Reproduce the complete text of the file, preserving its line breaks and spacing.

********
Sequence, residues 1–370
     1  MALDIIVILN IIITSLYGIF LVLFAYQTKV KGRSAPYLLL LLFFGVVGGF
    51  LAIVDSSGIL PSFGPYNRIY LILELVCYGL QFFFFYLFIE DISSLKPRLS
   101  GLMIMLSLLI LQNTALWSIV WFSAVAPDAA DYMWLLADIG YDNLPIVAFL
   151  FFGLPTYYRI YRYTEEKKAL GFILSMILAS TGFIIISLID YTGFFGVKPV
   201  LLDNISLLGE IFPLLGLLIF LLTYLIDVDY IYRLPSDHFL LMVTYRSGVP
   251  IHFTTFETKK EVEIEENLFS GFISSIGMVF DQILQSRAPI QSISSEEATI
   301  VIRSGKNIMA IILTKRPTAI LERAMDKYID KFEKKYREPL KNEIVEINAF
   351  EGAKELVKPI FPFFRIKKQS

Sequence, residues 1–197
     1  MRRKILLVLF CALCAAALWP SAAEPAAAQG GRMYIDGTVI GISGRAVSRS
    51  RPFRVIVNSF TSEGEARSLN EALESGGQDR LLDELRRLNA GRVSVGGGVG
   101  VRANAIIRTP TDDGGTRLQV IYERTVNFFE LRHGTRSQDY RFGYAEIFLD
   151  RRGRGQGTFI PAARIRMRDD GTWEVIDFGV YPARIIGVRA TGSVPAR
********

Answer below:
Sequence, residues 1–370
     1  MALDIIVILN IIITSLYGIF LVLFAYQTKV KGRSAPYLLL LLFFGVVGGF
    51  LAIVDSSGIL PSFGPYNRIY LILELVCYGL QFFFFYLFIE DISSLKPRLS
   101  GLMIMLSLLI LQNTALWSIV WFSAVAPDAA DYMWLLADIG YDNLPIVAFL
   151  FFGLPTYYRI YRYTEEKKAL GFILSMILAS TGFIIISLID YTGFFGVKPV
   201  LLDNISLLGE IFPLLGLLIF LLTYLIDVDY IYRLPSDHFL LMVTYRSGVP
   251  IHFTTFETKK EVEIEENLFS GFISSIGMVF DQILQSRAPI QSISSEEATI
   301  VIRSGKNIMA IILTKRPTAI LERAMDKYID KFEKKYREPL KNEIVEINAF
   351  EGAKELVKPI FPFFRIKKQS

Sequence, residues 1–197
     1  MRRKILLVLF CALCAAALWP SAAEPAAAQG GRMYIDGTVI GISGRAVSRS
    51  RPFRVIVNSF TSEGEARSLN EALESGGQDR LLDELRRLNA GRVSVGGGVG
   101  VRANAIIRTP TDDGGTRLQV IYERTVNFFE LRHGTRSQDY RFGYAEIFLD
   151  RRGRGQGTFI PAARIRMRDD GTWEVIDFGV YPARIIGVRA TGSVPAR